• Coatings are about more than a building’s appearance; they play a vital role in preserving the architectural elements of the façade. This course explains coating chemistries and manufacturing, as well as the role they play in sustainability. The course also offers a detailed look at industry standards and tests that result in coating performance metrics. Specifying the correct coating for a given application can dramatically improve a building’s appearance and its cradle-to-cradle environmental footprint.

  • The US has the highest incarceration rate in the world, and with recidivism rates as high as 75% within five years, the prospects for released inmates are dim. There is no simple solution to these issues, but one approach is to focus on rehabilitation to help inmates reintegrate successfully into society upon release. This course looks at the role evidence-based building design can play in a rehabilitative environment that promotes healing, autonomy, and growth. Design strategies are presented with a focus on ADA-compliant, ligature-resistant plumbing products and water management systems that support a clean, safe, secure, rehabilitative environment.

  • An expansion joint is a structural gap designed to accommodate the movement of a building in a controlled manner, preventing damage to the building’s internal and external finishes. Expansion joints run throughout a building in walls, ceilings, and floors. Expansion joint covers provide a covered transition across an expansion opening and remain unaffected by the relative movement of the two surfaces either side of the joint. This course explains how to determine joint movement requirements and how to size a joint. It also discusses the performance of different expansion joint cover systems and the applicable fire protection and building codes.

  • Unfortunately, gun violence is a reality, and design strategies must be employed to ensure a suitable level of protection and safety. This course addresses bullet-resistant fiberglass composite panels and the need for architectural armoring. The course discusses ballistic material testing and standards, the types of ballistic materials available, and fiberglass composite panel applications and installation considerations.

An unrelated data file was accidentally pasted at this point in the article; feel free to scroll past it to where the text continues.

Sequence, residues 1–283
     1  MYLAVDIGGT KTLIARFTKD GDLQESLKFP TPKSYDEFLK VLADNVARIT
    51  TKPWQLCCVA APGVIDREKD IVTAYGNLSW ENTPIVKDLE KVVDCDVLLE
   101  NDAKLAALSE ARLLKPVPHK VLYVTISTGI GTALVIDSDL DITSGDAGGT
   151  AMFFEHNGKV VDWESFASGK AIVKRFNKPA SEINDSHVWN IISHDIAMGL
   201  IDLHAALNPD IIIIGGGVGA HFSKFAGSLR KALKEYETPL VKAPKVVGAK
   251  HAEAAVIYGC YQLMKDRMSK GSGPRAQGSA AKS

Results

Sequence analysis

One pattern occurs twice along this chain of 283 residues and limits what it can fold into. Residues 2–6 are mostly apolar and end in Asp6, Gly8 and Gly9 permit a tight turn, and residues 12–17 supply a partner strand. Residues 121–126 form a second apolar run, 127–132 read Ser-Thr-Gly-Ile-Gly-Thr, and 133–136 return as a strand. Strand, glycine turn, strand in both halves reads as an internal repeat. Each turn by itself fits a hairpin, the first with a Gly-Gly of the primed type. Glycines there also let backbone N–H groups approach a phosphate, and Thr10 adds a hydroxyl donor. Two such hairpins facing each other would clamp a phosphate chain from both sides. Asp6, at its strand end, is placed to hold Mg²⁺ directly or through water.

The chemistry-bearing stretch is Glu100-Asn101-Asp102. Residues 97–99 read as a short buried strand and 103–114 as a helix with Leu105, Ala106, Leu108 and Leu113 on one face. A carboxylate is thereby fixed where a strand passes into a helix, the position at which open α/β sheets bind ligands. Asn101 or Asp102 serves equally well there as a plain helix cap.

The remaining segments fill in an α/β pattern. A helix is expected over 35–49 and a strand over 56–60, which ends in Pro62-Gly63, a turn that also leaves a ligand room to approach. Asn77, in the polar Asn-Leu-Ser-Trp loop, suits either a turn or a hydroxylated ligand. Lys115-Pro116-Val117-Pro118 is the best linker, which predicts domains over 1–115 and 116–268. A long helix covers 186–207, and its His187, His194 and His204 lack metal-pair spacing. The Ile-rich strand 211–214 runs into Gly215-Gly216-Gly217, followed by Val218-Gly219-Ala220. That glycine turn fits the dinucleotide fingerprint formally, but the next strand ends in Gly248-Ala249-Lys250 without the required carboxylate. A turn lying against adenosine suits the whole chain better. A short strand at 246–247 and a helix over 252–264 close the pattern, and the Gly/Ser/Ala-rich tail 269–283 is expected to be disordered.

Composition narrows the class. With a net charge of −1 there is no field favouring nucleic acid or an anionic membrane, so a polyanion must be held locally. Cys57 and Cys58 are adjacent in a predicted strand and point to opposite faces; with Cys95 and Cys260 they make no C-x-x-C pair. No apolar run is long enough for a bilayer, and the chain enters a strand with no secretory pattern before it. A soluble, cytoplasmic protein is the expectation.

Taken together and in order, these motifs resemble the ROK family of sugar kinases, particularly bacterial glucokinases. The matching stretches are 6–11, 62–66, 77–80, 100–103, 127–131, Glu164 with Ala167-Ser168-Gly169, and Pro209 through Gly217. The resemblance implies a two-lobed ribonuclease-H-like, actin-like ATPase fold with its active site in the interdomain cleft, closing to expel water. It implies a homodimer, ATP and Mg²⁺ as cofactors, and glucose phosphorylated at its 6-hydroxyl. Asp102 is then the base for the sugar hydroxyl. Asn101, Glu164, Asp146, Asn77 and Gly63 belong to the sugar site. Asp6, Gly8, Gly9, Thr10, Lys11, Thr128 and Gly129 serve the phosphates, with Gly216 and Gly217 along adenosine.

• Not all types of storage lockers are the same, and each facility application calls for its own specifications. There are many different requirements to consider for locker selection. This course reviews the functional and operational needs of users in health and fitness centers, schools, athletic team locker rooms, medical facilities, industrial and manufacturing sectors, and law enforcement facilities. The features and components of metal, wood, phenolic, and plastic lockers are discussed, and guidelines are presented for specifying the right locker solution for user needs.

  • Operable wall systems integrate the indoors and outdoors and define interior spaces, providing flexibility and additional usable area without increasing a building’s footprint. Occupants benefit from expansive daylighting and views as well as quick access to fresh air. This course describes the types of operable wall systems, how they contribute to sustainable design, and the various options and considerations for selecting the correct system.

     This course is part of one or more "Course Collections". Click here to view the details...

  • Infrared patio heaters are the best method of increasing comfort for outdoor entertaining areas of any size. There are many variables in creating ambient warmth, as both the effectiveness and the cost of heating an outdoor space greatly depend on the heating option that is selected and the way it is designed. This course looks at the outdoor heating options that are available with a focus on the types, color choices, mounting methods, and control options of electric infrared heaters, including a review of the steps that are required to select the best solution.

     This course is part of one or more "Course Collections". Click here to view the details...

  • Rolling doors are used in heavy-duty, medium-duty, and light-duty applications for a wide range of commercial, industrial, and construction environments. This course provides a review of the features, components, options, and applications of various types of commercial rolling door products.

  • While providing fresh air intake and exhaust, reducing noise, and keeping out unwanted water and debris, louvers can also provide architectural style to a building design. This course discusses the aesthetics, performance, and weather resistance features of a variety of louver designs from the basic to the extreme. A discussion about the industry standards and test protocols for louver performance is included.

  • Adhesion and long-term integrity of a high-performance floor system can be undermined by any number of factors. Although surface preparation is one of the most critical aspects of floor coating, there are a number of other steps that must be included. In this course we will review the necessary steps for a successful high performance floor coating application including preliminary inspection and surface preparation, selection of appropriate products, and proper coating application tips.